7. tranger2

    tranger2 Sharpshooter

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    I have the Extreme Dog fence with 2 labs. When I put on their collar, they won't get near the boundary. When a friend came over to let them out one time and didn't put on their collars, one of them ran out. The other did not.



    Sent from my SM-G965U1 using Tapatalk
     
  8. TheDoubleD

    TheDoubleD Marksman

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    I am getting ready to install my third fence.

    First fence was around my 5 acre home site in 1998 and controlled three rat terrier trained to catch and kill gophers (Richardson Ground Squirrels), Rock Chucks and rabbits on sight. They were extremely tenacious and aggressive about pursuing these pests in the grain fields. I had two two females and a male. All were trained on leash about the fence and quickly learned how close they could get to the fence. The Male however would run through the fence if he saw a rabbit. If he saw a rabbit, nothing stopped him. After catching or loosing the rabbit he would come back to the out side of the fence and sit and whine until the collar was removed so he could go back inside the perimeter on his own. He would not approach the fence for any other reason.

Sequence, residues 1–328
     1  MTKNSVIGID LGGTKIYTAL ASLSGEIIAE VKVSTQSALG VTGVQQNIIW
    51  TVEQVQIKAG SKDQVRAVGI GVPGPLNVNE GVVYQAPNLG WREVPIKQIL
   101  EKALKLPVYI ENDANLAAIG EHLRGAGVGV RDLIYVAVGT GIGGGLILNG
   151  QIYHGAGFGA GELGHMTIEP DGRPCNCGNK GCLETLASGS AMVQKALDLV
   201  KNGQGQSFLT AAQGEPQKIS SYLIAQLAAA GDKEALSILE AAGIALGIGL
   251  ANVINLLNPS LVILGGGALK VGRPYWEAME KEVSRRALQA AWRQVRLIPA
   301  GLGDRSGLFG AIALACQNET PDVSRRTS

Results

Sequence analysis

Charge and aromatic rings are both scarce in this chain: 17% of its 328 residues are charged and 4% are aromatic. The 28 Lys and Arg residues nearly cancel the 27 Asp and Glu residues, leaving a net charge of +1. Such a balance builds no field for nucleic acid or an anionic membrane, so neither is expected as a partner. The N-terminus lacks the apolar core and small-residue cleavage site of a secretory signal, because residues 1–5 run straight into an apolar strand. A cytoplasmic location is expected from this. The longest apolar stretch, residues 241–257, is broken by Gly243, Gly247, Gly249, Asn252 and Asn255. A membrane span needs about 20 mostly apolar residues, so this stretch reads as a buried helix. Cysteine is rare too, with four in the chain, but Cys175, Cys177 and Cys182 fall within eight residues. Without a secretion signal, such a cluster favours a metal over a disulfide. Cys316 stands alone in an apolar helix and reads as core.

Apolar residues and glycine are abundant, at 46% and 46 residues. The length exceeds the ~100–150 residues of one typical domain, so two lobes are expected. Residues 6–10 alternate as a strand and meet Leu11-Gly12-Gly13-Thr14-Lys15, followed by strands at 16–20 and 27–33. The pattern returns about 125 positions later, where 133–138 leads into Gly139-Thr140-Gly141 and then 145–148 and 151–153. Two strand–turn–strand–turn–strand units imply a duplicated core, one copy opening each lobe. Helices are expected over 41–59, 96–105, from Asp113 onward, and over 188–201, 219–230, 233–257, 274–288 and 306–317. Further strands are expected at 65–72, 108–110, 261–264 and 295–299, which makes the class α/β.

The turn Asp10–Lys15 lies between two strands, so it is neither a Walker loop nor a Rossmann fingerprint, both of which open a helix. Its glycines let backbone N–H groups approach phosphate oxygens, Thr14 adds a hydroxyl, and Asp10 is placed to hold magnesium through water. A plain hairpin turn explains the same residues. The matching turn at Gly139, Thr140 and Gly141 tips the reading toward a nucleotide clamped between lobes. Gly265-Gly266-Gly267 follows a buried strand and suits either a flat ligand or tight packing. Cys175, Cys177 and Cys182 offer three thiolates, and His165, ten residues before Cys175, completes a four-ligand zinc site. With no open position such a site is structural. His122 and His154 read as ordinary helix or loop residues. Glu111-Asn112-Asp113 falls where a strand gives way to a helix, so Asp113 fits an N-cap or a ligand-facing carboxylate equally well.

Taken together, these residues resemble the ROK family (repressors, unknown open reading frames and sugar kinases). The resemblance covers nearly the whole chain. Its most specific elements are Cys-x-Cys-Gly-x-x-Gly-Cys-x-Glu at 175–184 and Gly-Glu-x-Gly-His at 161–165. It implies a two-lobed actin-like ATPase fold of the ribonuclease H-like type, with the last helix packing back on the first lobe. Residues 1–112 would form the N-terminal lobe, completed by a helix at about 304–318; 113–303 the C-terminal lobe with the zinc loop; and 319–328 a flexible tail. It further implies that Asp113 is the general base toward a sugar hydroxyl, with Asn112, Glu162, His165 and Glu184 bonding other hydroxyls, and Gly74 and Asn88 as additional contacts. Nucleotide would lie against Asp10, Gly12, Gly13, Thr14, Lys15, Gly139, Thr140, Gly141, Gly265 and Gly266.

Second fence was installed on 15 acres at my friends house in 2013 to control 2 Decker Rat Terriers, 2 Airedales and one Jagdterrier. These dogs were used for denning coyotes around sheep ranches. The Jagdterrier had experience with predator fences around sheep so electricity didn't phase him, but he didn't like the collar but would stop when iyt buzzed and before shock. We didn't trust him. He was always getting in fights with the other dogs so he was kept kenneled unless working. He was a real B/A little dog and could flat clean out a coyote den. The two Airedales at first weren't phased by the collars even when the collars were turned up to full power. Then we got some longer studs and that fence became like a brick wall for those two. The Deckers caught on real quick and were never a problem. I was up at my friends place in August to visit his widow. The Jagdterrier and one Airedale are gone now. The two Deckers still stay away from the fence, but my friends Widow said the Airdale has been getting out. I checked his collar and the battery was dead. Checked the two Decker collars and those batteries were dead also. Changed them out. The Airedale wander toward the line and must have heard the warning buzz, because he slammed on the brakes and moved away.

    I now have moved to OK and have no need for a hunting dog. Wife got me Cavalier King Spaniel lap dog. Dog doesn't know she is a lap dog and likes to run and chase. If the door opens a crack she is out. Based on my past experience, I bought another fence.
     
    Last edited: Sep 14, 2018 at 3:15 PM